Learn to read labels. That can of tuna probably specifies a serving as x number of grams, drained. Weigh everything. For produce (and probably meat), look for USDA entries. They often specify whether it's peeled or not.

    Nobody thinks they're underestimating their food, but you're going to be shocked when you start weighing your food.
  • ILiftHeavyAcrylics
    ILiftHeavyAcrylics Posts: 27,732 Member
    Ok. So when you guys say weigh everything, does that also mean pre-packaged items that have a set value. For instance, a thinwich bun is 100 calories, or a can of tuna (which I actually did weigh once and my 5oz can was only 3.6 oz I felt totally jipped! Lol) Do I need to weigh things like that too? Or are we just talking fruits, veggies, oatmeal, etc? I imagine I'm actually overestimating on some of these (often putting in a large apple, when it's actually small or medium). And if I'm weighing a banana or an avocado, is that with or without peel?

    I weigh everything but yogurt/pudding cups pretty much, because that would be too much of a pain. Avocado and bananas I weigh without peel, peaches etc... I'm still not sure what you're supposed to do, lol.

    Also make sure to use the correct entries for raw vs cooked for meats, pasta etc.

    This is important, imo.

    You've got to decide where the line is for yourself OP. And then realize that it's never going to be 100% perfect. The idea is to get it as close as you can without making yourself crazy. Like I know people who are fine with taking their food scale to a restaurant. I'm not one of those people. I just understand that when I say I'm eating 2000 calories, it's likely not *exactly* that amount.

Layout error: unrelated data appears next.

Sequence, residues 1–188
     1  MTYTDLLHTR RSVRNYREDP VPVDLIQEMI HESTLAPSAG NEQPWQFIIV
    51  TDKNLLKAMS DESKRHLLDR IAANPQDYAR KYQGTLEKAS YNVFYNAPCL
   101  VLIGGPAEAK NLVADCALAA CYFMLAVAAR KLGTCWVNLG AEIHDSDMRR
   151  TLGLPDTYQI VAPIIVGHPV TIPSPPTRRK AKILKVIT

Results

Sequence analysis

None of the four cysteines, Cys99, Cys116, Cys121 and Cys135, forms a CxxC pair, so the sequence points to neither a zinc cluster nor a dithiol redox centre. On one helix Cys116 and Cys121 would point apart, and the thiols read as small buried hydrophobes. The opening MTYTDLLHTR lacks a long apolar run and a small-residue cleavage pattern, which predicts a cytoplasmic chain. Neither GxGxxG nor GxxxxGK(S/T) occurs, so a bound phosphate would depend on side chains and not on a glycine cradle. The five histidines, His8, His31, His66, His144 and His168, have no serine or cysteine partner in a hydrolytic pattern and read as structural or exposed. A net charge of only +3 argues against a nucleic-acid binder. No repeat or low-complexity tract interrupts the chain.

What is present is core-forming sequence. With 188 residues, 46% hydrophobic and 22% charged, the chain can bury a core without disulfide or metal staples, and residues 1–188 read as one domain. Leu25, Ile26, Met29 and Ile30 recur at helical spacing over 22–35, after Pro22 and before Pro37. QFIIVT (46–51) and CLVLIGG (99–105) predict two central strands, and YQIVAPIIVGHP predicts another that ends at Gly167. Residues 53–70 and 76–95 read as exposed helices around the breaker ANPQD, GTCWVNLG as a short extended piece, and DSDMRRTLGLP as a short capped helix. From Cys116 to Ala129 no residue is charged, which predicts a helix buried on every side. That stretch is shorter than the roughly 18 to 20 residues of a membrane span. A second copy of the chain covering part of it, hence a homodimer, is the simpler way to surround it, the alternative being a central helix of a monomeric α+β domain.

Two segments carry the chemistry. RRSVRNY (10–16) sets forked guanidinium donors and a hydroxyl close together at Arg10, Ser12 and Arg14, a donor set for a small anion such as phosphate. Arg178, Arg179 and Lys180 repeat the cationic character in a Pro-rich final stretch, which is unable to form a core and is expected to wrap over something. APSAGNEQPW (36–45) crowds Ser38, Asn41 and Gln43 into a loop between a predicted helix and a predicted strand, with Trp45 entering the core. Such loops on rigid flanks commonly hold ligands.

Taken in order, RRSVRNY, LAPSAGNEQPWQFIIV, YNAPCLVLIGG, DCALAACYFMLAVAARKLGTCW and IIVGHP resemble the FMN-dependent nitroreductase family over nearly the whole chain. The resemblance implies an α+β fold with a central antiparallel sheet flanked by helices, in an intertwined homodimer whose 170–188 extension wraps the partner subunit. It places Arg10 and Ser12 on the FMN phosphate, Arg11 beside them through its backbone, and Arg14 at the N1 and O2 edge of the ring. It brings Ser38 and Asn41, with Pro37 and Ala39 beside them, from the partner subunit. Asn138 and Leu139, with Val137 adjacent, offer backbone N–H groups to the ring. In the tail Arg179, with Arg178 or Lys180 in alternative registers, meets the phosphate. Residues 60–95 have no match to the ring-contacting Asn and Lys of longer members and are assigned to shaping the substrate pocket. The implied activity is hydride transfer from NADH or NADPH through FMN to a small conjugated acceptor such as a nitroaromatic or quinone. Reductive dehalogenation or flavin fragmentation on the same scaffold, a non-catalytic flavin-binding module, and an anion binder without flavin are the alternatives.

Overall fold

The trouble comes when you're relying on a burn estimate from a device like BMF and saying "well I have a 600 calorie deficit" when you likely don't, even if your BMF is right on. You should still be willing to adjust based on your actual results.
  • cmcoyle776
    cmcoyle776 Posts: 20 Member
    Is it possible that the Bodymedia is calculating your burns too high? It sounds like you're doing some serious workouts, and it looks like you're about 10 years younger than me so you should still have a decent metabolism, but TDEE of 2700 sounds quite high, especially if you're not that overweight.

    I was thinking the same. I'm also a SAHM, I'm on my feet most of the day, & and even on my Insanity workout days (I alternate Insanity w/ running 3-4 miles), I only burn 2300 calories at best. On a lazy day, I burn about 1600. I'm 38 & at 30% body fat, so not far off from you. Make sure you are weighing/measuring all your food/beverages & drinking plenty of water. Dehydration slows your metabolism.
  • Jewlz280
    Jewlz280 Posts: 547 Member